During spring training prior to the 1972 season on March 22, Lyle was traded to the New York Yankees for Danny Cater and a player to be named later (Mario Guerrero). The transaction eventually proved to be one-sided as Lyle became the Yankees' bullpen ace, establishing himself as one of the best relief pitchers of the 1970s. He played a major role in the Yankees capturing three straight pennants from 1976 to 1978 and winning the World Series in the last two of those years.[9] In 1972, he saved 35 games, an American League record at the time, and a major league record for left-handers; Ron Perranoski had set both marks in 1970, but John Hiller would surpass Lyle's total with 38 in 1973. In 1972, Lyle also became the first southpaw to collect 100 saves in the American League. He also finished 3rd in the 1972 MVP voting.

He again led the league in saves in 1976, and in 1977 became the first AL reliever ever to win the Cy Young Award. He was named an American League All-Star in 1973, 1976 and 1977. In 1976, he broke Hoyt Wilhelm's American League record of 154 career saves, and the following year eclipsed Perranoski's major league mark for left-handers of 179 career saves. Through 1977, Lyle had compiled 201 career saves, and was within range of Wilhelm's career big-league record of 227. Lyle was associated with a trademark song to herald his entry into games, Pomp and Circumstance March No. 1 in D.[10]

But despite the fact Lyle had won the 1977 Cy Young Award, the Yankees signed Goose Gossage as a free agent during the 1977 off-season, and Gossage followed with an outstanding 1978 season which made Lyle expendable. During the 1978 season, Yankees teammate Graig Nettles quipped that Lyle went "from Cy Young to sayonara."[11] On November 10, 1978, Lyle was part of a major trade that sent him, along with Mike Heath, Larry McCall, Dave Rajsich, Domingo Ramos and $400,000, to the Texas Rangers in exchange for Juan Beníquez, Mike Griffin, Paul Mirabella, Dave Righetti, and Greg Jemison.

Later career

In his late 30s, Lyle was unable to duplicate the great success he had previously enjoyed (perhaps due to the strain of pitching over 100 innings six times from 1969–78), and saved only 21 games for the Rangers in 1979–80. Rollie Fingers moved ahead of Lyle in career saves in early 1980, breaking Wilhelm's record just weeks before Lyle reached the mark, and Fingers eventually pushed the record beyond reach.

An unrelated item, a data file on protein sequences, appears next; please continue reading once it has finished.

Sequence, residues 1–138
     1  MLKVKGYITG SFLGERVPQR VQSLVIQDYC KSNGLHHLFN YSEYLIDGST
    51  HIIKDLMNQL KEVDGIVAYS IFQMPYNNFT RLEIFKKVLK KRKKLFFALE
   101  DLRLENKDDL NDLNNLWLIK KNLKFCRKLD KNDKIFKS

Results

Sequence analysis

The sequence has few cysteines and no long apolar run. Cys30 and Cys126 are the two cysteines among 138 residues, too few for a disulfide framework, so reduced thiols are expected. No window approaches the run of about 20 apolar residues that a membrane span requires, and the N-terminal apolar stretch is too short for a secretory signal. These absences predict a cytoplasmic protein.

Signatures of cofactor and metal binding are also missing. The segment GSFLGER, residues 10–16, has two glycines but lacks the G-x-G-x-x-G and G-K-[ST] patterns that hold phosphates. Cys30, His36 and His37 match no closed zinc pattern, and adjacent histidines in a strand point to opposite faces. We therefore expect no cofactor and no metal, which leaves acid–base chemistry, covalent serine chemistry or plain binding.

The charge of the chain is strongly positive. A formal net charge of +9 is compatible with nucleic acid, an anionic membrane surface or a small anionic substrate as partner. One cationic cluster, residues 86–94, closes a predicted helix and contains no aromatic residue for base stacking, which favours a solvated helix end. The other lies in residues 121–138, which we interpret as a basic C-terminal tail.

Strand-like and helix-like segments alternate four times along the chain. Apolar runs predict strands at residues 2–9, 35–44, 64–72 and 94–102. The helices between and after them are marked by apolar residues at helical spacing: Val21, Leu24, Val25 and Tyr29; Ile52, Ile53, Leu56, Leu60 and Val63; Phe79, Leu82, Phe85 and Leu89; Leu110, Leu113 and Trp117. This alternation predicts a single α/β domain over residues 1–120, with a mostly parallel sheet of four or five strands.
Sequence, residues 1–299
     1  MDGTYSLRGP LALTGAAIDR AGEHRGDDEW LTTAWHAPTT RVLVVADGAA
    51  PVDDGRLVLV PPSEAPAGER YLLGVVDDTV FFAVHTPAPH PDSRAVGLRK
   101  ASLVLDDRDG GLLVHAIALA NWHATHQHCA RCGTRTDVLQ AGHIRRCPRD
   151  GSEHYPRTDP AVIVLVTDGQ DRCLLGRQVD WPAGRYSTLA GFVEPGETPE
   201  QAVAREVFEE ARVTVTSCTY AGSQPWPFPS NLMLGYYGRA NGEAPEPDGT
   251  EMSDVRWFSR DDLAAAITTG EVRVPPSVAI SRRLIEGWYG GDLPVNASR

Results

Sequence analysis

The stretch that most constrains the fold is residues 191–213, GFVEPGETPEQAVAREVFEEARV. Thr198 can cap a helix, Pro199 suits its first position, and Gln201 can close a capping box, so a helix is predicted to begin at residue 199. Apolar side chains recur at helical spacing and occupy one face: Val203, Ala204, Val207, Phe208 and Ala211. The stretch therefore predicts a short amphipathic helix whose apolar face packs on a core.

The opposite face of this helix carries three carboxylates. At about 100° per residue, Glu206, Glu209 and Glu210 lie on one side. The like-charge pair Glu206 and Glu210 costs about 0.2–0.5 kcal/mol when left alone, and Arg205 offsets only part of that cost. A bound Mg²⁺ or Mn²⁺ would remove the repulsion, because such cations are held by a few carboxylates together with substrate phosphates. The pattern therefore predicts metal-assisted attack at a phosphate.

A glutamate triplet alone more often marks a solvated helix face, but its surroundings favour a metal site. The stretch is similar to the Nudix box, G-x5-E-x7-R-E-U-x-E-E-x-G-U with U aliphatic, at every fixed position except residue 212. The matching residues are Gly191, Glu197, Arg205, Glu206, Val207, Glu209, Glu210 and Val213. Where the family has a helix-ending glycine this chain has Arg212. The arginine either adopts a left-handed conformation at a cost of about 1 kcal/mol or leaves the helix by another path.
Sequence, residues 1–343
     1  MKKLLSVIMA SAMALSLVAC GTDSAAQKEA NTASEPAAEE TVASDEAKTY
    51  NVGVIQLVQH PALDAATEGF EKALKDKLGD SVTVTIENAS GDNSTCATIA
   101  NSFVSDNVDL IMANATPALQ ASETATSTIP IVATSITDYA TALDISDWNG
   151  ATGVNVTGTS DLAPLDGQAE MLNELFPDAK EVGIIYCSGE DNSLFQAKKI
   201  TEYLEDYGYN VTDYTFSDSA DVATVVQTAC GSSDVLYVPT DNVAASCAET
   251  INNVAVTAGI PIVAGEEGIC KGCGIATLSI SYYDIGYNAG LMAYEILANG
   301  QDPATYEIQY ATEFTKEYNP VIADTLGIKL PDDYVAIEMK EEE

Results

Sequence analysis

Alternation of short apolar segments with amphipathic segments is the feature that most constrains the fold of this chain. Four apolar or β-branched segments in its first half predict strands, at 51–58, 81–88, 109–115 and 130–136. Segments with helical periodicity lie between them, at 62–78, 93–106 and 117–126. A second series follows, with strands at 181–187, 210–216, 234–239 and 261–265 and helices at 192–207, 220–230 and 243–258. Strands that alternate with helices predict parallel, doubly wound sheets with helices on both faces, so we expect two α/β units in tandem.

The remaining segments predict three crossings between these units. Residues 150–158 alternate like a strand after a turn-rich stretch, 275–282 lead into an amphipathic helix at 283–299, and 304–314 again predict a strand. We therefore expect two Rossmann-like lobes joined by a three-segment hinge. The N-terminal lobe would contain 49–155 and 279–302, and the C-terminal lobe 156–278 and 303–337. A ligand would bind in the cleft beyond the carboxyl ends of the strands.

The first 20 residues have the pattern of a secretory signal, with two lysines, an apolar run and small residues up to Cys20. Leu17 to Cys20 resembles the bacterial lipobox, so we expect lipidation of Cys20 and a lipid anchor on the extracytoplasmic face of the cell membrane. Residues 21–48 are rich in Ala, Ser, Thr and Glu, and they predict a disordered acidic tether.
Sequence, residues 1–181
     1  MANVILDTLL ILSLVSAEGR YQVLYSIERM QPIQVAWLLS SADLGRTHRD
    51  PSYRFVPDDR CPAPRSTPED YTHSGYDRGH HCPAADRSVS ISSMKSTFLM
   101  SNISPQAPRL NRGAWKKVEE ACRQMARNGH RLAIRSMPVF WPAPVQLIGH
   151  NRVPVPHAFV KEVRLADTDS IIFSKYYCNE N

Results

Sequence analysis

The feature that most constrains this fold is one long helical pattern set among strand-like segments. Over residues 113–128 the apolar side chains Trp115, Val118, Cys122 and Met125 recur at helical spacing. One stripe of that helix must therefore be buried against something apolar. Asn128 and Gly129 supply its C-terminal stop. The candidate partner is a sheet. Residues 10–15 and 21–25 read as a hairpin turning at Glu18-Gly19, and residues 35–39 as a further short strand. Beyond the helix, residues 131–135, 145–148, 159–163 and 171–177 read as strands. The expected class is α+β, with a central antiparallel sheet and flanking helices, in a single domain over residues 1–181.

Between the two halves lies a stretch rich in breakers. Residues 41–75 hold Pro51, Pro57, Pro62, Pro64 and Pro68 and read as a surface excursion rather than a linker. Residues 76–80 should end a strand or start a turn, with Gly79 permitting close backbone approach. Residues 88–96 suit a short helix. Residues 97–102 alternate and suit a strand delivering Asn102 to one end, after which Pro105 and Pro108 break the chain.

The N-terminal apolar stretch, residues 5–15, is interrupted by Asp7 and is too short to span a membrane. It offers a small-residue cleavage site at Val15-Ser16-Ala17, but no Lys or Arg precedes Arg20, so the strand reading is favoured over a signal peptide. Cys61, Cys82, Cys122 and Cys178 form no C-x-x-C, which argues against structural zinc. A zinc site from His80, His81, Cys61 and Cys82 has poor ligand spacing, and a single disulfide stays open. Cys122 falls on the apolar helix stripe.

On September 13, 1980, Lyle was traded to the Philadelphia Phillies for a player to be named later (Kevin Saucier).[12] Although the Phillies won their first World Series title in 1980, Lyle did not appear in the postseason, having been acquired by the Phillies too late to qualify for the postseason.

On August 21, 1982, he was purchased by the Chicago White Sox from the Phillies. His last game was played on September 27 of that season for the White Sox, who released him on October 12. Lyle finished his 16-year career with 238 saves, a 2.88 ERA, and a record of 99–76 in 899 games pitched — all in relief. In 1985, Fingers broke his American League record for career saves; and in 1991 Righetti surpassed Lyle's major-league record for career saves by a left-hander, though Lyle still holds the AL mark of 232.

Post-playing years

In 1998, he became the first manager of the Somerset Patriots, a minor league team based in Bridgewater, New Jersey. He managed the team to Atlantic League pennants in 2001, 2003, 2005, 2008 and 2009, and was the Patriots' manager until Nov 27, 2012 when he became Manager Emeritus.[13] His number 28 that he wore with the Patriots was retired on June 14, 2014 [14]

Clubhouse antics

A noted clubhouse prankster in his playing days, Lyle was known for sneaking into the locker room during games to sit naked on birthday cakes prepared for teammates, leaving the imprint of his posterior on the frosting.[15] In his autobiography, Lyle noted that teammate Ron Swoboda turned the tables on him by defecating on a cake which was then delivered to Lyle; Lyle said the reason why he eventually stopped his cake sitting was because of the notoriety he gained from doing it, thinking that someone might try to "put a needle in the cake" to hurt him.[16]


See also


External links